The Southwest Philadelphia Director, Producer, and Writer, Lee Daniels receives a Lumière Award and presents an exclusive advance screening of The United States Vs. Billie Holiday.
Courtesy of the Philadelphia Film Society and the overlords of local cinema, director-producer-writer Lee Daniels, a native of my old neighborhood, Southwest Philadelphia, received the Philadelphia Film Society’s highest honor. It is the fourth-ever Lumière Award following a virtual screening of his upcoming film, The United States Vs. Billie Holiday. Named for film’s first makers Auguste and Louis Lumière. And given to those artists with direct ties to the Philadelphia area. Past recipients include M. Night Shyamalan, Bruce Willis, and Adam McKay.
During a talkback award conversation with fellow Philadelphia native filmmaker Tommy Oliver, Lee Daniels chatted enthusiastically about his roots in Southwest Philly. And mentioned having garbage thrown at him for being Black and Gay. He brought up his earliest live film experiences. Seeing John Waters’ Pink Flamingos at the Theatre of Living Arts on South Street. Being amazed by its magical oddity, then bringing his mother and grandmother to see the same film with a less than enthusiastic response from his elders. “That visceral reaction,” one slap in the head and a stern talking-to for having brought them to see Waters’ weird funny filth, is what made Daniels want to make similar controversial and incendiary film. Uncompromising film. Powerful Black film.
While he joked about having made the charmingly tame The Butler for his mother… “She kept asking me when I was going to make a nice film like Tyler Perry”… Getting out of television, momentarily, as he produced Fox’s hit hip hop serial dramas Star and Empire, for several years until the pandemic… Then getting back to making movies as his way to tell more self-contained stories, in its own way, Daniels’ Billie Holiday felt dangerously close to the director. This coming from a man who made such stark, even horrific dramas, such as Monster’s Ball and Precious, based on the novel, PUSH, by Sapphire.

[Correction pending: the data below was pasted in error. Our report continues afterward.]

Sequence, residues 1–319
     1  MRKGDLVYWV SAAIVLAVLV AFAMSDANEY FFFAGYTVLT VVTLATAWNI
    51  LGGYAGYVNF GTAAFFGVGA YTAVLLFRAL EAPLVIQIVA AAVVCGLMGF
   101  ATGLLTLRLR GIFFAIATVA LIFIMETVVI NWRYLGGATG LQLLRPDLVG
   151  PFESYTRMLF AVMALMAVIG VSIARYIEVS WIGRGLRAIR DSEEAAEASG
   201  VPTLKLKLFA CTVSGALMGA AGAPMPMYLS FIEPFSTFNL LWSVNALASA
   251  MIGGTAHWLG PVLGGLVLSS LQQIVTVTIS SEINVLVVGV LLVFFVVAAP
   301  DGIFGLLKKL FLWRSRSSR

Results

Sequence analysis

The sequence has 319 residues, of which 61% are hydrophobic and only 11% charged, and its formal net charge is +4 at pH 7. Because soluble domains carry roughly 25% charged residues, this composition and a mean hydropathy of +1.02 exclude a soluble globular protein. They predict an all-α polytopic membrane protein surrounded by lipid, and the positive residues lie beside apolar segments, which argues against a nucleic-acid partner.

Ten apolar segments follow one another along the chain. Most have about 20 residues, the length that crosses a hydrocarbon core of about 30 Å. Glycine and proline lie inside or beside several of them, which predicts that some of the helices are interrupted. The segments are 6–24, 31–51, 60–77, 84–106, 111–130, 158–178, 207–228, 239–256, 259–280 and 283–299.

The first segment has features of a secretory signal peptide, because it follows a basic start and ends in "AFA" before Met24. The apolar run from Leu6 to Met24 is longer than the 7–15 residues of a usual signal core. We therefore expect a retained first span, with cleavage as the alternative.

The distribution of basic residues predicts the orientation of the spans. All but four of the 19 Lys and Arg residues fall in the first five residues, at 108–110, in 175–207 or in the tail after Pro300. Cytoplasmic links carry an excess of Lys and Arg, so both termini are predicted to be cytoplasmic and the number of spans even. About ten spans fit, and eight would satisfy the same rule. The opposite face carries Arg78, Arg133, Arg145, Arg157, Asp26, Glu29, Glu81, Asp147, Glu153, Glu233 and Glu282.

Daniels employed a script from playwright Suzan-Lori Parks. The movie stars singer-turned-actor Andra Day as the jazz vocal legend in a magnetic and poignant film debut that should net her an Oscar nomination. Daniels’ alluring and fiery film tells a sad true tale, one more morose, yet driven than the one before it. It recalls the many layers of Holiday’s insistent, racist run-ins with J. Edgar Hoover’s FBI, Harry J. Anslinger’s and Federal Department of Narcotics. All because of the power, and their fear, of one song… “Strange Fruit.”
Legendarily one of music’s most harsh and politicized songs, it sharply and quietly compares lynched, burned and brutalized Black bodies in the South to the bittersweet fruits hanging from the trees, with the scent of magnolia lingering in the air. See Billie perform it HERE, and you’ll never forget it.
That was Holiday’s purpose in continuing to sing that song despite the often violent interaction of unscrupulous lovers-turned-managers who sought to tamp down the vocalist’s ardent anti-Black activism at great, on-going risk to her career. That Holiday forever struggled with alcoholism and heroin addiction made her an easy target for FBI and FDN undercover sting operations. One led by Black Federal Agent Jimmy Fletcher, with whom she had an affair as detailed in the film. And unnecessary arrests. The last one, the most undignified blow occurring on her death bed. The last time that Holiday refused to back down or give up her right to sing a most stirring song of empowerment. To this end, Day, literally and figuratively, portrays Holiday starkly, nakedly, wounded. But still proud and strong.
The United States Vs. Billie Holiday, out February 26 in theaters and on HULU, will take your breath away.